Jeff Koons and Centre Pompidou Lose Copyright Infringement Case
This is not the first time Koons has been sued and lost.
A French court has found Jeff Koons and the Centre Pompidou in Paris guilty of plagiarism in a legal dispute over the artist’s work Naked (1988), part of Koons’s Banality series.
The judge ruled in favor of the family of the late French photographer Jean-François Bauret, whose widow brought a case against Koons for copying his work, and against the museum for using an image of the work in the advertising material for their Koons retrospective in 2014.
The court found that the statue, which depicts two nude children, one handing the other a bunch of flowers, with some flowers strewn at their feet, was recognizable as being taken from Bauret’s photograph Enfants (1970.)
Jeff Koons LCC and the Centre Pompidou were ordered to pay Bauret’s heirs €40,000 ($42,445), half of which goes towards their legal costs, and €4,000 ($4,245) for using an image of Naked on Koons’s website.
The Guardian reports that Bauret’s widow, Claude Bauret-Allard, told French magazine Télérama that she was shocked to discover the similarities between Koons’s statue and her late husband’s photograph, which was turned into a postcard after it was taken in 1975.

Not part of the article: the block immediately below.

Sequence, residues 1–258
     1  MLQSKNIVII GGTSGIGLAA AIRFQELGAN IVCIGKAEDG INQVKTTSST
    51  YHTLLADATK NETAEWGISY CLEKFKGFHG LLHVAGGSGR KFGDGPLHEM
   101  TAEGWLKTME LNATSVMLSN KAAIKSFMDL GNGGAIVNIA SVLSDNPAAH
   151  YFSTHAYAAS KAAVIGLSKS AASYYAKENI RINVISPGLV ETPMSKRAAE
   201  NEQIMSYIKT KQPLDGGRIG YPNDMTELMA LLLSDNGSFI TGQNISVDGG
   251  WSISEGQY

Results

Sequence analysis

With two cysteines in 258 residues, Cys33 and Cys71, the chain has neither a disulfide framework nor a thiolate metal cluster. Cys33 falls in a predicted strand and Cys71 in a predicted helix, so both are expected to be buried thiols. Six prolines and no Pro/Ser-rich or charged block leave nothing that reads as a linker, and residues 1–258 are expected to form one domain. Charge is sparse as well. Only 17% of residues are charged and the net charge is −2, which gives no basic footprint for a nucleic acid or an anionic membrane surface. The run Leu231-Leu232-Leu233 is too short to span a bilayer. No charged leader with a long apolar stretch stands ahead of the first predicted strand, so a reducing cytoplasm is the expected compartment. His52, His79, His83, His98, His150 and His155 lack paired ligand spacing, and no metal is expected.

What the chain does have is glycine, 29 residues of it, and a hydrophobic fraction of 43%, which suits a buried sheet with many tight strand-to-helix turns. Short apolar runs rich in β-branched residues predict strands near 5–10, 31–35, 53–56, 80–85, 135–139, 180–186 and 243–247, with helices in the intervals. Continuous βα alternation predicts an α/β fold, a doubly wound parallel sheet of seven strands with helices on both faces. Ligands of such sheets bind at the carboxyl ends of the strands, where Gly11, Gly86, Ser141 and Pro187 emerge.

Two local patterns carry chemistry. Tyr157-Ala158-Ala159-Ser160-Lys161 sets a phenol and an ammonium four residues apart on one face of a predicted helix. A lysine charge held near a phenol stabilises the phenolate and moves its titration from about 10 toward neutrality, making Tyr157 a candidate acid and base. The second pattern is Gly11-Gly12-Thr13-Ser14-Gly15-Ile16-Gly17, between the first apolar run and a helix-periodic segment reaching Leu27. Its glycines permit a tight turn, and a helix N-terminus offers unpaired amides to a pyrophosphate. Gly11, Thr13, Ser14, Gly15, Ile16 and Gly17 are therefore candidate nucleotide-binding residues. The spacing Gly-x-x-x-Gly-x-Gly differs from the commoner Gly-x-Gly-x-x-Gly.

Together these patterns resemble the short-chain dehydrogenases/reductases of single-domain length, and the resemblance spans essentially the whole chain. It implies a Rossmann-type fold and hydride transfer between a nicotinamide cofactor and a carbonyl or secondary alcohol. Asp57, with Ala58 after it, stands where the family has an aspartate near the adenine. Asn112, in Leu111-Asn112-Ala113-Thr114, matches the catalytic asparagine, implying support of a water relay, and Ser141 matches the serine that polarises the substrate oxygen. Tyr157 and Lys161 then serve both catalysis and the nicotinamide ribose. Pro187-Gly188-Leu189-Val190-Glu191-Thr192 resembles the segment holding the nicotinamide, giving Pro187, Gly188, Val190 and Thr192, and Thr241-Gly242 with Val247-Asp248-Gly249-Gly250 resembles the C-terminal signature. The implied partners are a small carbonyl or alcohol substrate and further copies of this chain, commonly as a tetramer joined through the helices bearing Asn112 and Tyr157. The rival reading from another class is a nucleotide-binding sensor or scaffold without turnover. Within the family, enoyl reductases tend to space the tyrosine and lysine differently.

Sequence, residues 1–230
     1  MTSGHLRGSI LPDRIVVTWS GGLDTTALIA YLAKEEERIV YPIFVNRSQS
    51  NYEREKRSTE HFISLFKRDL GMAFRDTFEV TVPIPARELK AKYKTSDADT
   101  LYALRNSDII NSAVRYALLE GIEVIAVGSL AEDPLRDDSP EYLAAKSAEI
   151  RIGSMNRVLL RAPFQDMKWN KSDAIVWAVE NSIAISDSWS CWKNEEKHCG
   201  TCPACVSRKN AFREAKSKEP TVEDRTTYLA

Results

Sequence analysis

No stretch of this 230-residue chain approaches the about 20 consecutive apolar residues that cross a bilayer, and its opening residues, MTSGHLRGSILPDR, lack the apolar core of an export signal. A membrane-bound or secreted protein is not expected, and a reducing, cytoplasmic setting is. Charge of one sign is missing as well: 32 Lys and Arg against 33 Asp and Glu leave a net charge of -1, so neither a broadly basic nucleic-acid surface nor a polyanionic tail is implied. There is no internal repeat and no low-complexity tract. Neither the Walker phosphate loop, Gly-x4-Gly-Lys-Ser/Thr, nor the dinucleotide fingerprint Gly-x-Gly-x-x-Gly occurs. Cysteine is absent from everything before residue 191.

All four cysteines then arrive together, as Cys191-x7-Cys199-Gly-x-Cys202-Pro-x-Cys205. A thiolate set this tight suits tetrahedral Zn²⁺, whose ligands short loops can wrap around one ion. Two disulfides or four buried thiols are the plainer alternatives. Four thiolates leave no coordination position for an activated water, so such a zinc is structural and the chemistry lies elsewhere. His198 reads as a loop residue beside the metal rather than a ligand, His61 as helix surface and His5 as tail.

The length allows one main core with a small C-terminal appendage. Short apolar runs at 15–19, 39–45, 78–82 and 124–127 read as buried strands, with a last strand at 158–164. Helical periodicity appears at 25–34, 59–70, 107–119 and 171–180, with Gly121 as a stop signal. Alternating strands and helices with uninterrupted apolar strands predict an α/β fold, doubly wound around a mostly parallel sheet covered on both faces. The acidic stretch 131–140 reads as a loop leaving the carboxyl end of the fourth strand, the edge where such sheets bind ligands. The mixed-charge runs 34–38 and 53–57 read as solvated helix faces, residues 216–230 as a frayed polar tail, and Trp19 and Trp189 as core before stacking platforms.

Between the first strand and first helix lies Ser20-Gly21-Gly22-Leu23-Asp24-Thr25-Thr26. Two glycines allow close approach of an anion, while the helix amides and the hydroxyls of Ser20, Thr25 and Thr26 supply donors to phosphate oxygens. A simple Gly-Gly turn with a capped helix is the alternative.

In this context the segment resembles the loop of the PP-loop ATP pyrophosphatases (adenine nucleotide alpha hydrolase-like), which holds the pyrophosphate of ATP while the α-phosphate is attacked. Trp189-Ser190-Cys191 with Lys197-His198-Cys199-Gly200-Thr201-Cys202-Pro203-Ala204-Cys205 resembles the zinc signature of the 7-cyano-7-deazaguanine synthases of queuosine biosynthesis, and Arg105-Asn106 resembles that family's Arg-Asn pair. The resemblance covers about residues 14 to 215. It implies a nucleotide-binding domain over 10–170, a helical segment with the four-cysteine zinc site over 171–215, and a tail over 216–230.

“I met a curator of contemporary photography at the French National Library to talk about donating some photos and she showed me all the shots my husband had done that they had already … luckily, this one [Enfants] was in the 1971 collection, so there was a trace of it,” she revealed. “Koons reproduced the photo and added the bouquet in order to sexualize the scene: he admitted himself the phallic dimension of this object,” she added.
Bauret-Allard contacted both Koons and the Centre Pompidou ahead of the exhibition but received no response from either the artist, or the museum.
This is not the first time that Koons had legal action taken against him regarding copyright and appropriation in works from his Banality series. He was successfully sued by photographer Art Rogers due to similarities between String of Puppies (1988) and Rogers’s photograph.
In 2014, Koons lost another case over his work, Fait d’Hiver (1988) which was found to have been copied from a French advertisement, but won a similar case against photographer Andrea Blanch who claimed he had copied her work for his 2000 work Niagara.
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